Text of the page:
Translated by



Tao Te Ching Or the Tao and its Characteristics From a 1891 edition. ISBN 978-1-775411-64-2 © 2008 THE FLOATING PRESS. While every effort has been used to ensure the accuracy and reliability of the information contained in The Floating Press edition of this book, The Floating Press does not assume liability or responsibility for any errors or omissions in this book. The Floating Press does not accept responsibility for loss suffered as a result of reliance upon the accuracy or currency of information contained in this book. Do not use while operating a motor vehicle or heavy equipment. Many suitcases look alike. Visit www.thefloatingpress.com


Contents * Part 1 1 2 3 4 5 6 7 8 9 10 11 12 13 14 15 16 3 .

17 18 19 20 21 22 23 24 25 26 27 28 29 30 31 32 33 34 35 36 37 Part II 38 39 4 .

40 41 42 43 44 45 46 47 48 49 50 51 52 53 54 55 56 57 58 59 60 61 62 63 5 .

64 65 66 67 68 69 70 71 72 73 74 75 76 77 78 79 80 81 6 .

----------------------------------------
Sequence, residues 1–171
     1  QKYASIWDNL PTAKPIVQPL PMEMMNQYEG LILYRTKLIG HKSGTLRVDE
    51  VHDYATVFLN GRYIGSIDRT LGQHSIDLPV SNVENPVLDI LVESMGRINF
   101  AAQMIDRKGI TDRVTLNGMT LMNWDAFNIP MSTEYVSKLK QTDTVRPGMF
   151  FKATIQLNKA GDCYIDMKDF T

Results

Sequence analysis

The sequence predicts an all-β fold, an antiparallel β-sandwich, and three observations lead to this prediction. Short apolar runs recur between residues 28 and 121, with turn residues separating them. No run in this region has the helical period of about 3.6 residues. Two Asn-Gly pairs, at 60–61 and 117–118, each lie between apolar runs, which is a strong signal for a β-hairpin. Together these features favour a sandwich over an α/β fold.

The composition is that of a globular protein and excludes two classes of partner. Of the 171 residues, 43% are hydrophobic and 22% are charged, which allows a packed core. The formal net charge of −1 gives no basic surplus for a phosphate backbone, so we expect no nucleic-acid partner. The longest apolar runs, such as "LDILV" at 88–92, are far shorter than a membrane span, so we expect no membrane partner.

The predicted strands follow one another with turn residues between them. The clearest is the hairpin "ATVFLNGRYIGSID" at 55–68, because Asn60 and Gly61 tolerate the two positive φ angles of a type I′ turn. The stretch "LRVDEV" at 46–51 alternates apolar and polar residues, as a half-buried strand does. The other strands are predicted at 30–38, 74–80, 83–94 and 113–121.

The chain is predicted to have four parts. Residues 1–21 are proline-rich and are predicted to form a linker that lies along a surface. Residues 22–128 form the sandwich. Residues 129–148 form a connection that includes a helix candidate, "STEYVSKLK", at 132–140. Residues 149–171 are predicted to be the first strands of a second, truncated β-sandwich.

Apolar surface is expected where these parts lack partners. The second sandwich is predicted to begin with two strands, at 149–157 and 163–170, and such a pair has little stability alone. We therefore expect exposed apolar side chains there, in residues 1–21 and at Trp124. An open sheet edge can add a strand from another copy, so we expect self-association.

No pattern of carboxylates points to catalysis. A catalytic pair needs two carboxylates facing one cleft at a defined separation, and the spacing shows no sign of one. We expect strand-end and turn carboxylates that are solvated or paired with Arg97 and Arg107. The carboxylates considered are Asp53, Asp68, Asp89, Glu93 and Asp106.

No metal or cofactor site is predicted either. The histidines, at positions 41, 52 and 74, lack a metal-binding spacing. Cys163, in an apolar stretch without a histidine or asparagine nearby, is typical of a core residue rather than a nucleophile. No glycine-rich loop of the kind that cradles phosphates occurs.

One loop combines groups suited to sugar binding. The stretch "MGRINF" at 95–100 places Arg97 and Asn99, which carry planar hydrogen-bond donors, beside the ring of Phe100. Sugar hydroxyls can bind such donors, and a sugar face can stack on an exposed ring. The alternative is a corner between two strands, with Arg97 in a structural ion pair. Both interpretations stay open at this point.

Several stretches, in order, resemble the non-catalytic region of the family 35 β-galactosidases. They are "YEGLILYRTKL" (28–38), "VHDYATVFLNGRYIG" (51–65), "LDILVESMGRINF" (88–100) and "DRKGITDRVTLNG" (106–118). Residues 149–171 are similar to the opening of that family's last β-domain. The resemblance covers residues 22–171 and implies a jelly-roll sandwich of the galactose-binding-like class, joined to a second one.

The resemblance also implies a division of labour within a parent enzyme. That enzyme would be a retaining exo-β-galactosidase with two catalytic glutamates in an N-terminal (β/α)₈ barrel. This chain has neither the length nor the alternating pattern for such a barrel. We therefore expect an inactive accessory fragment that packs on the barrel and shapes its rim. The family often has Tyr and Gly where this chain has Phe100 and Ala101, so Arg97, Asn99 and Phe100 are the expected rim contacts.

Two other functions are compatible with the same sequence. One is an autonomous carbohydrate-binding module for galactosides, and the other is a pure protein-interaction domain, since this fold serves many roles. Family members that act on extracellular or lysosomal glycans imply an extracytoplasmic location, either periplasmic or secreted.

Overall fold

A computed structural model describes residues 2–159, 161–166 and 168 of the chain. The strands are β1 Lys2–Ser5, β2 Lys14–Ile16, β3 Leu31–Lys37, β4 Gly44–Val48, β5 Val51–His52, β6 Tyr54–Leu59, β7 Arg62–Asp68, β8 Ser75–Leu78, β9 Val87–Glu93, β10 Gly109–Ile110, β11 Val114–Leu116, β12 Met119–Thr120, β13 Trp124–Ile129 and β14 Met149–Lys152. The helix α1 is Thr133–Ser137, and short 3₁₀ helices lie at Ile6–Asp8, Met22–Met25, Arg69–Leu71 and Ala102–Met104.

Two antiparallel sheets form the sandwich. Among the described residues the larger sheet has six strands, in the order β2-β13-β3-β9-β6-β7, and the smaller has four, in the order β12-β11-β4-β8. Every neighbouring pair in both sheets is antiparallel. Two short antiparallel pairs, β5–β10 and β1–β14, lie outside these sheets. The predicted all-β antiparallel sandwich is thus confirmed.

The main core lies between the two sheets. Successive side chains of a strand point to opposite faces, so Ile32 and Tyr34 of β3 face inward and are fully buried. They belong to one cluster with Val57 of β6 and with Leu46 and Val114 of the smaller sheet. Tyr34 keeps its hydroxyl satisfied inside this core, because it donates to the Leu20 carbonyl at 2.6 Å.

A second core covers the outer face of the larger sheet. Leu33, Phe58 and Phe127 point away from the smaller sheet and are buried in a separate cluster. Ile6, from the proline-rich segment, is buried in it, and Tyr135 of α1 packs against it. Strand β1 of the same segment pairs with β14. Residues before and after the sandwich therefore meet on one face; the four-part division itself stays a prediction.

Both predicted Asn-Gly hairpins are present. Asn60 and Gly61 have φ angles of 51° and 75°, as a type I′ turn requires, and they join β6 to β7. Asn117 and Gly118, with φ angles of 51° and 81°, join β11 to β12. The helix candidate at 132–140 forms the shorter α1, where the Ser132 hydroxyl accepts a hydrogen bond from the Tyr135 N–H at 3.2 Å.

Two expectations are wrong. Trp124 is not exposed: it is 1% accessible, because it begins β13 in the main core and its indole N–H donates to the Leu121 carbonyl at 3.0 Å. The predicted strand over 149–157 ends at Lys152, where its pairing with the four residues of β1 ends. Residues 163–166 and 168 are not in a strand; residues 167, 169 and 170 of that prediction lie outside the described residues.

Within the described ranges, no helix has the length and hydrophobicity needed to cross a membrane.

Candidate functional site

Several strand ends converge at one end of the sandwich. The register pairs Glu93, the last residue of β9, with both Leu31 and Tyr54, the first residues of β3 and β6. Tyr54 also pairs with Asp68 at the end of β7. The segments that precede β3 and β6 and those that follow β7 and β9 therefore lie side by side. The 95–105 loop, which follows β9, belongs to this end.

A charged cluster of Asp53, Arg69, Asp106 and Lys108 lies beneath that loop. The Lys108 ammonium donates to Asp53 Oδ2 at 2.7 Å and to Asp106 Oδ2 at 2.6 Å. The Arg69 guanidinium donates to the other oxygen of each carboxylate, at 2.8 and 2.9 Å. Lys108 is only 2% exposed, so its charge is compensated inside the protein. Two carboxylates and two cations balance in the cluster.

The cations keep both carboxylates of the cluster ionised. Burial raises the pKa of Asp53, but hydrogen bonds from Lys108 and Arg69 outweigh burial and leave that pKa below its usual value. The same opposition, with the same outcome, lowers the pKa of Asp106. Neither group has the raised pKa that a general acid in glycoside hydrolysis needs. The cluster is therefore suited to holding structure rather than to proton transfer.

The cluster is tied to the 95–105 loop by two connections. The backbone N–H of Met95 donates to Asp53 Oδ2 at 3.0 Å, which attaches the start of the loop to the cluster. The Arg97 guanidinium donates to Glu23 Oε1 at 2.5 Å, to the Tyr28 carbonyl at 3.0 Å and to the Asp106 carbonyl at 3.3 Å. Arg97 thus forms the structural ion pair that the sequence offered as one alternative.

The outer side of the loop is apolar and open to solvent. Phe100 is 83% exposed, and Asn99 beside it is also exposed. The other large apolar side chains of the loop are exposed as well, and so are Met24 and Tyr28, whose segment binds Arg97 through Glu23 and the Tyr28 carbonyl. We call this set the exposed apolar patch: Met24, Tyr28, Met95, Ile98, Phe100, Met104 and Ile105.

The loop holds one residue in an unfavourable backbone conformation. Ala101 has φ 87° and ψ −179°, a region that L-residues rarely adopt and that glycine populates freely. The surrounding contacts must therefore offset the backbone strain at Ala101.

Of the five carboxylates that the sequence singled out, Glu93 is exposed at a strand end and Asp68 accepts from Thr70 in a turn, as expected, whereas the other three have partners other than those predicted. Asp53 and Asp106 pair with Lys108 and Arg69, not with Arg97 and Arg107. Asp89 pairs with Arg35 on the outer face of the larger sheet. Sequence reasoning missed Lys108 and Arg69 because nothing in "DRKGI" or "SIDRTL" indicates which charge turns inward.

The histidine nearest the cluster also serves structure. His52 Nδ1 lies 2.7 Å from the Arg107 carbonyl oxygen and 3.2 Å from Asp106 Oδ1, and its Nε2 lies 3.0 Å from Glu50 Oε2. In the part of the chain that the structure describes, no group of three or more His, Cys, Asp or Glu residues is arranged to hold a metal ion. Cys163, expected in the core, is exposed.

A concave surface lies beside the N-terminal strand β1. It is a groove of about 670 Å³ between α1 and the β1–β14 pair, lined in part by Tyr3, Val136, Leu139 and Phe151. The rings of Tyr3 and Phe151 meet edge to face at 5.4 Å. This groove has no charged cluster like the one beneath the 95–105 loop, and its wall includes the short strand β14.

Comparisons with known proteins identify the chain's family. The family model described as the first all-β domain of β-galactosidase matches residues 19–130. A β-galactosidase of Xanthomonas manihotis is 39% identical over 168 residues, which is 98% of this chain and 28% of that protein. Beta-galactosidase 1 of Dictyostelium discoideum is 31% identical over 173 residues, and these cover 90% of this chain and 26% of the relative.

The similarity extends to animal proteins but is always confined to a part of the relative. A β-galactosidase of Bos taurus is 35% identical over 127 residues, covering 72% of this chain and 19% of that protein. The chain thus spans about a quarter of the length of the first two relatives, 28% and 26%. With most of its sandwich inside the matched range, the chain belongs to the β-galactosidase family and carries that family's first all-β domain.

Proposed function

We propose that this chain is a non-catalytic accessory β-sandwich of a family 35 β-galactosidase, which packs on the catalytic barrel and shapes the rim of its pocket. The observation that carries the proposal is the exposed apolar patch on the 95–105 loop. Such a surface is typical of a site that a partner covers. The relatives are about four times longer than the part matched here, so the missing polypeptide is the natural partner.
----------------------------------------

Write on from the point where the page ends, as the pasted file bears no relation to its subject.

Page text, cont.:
Part 1 * 7 .

8 . The name that can be named is not the enduring and unchanging name. three Always without desire we must be found. Its outer fringe is all that we shall see. two (Conceived of as) having no name. If its deep mystery we would sound. it is the Mother of all things. it is the Originator of heaven and earth. But if desire always within us be.1 * one The Tao that can be trodden is not the enduring and unchanging Tao. (conceived of as) having a name.

Together we call them the Mystery. it receives the different names. 9 . but as development takes place.four Under these two aspects. Where the Mystery is the deepest is the gate of all that is subtle and wonderful. it is really the same.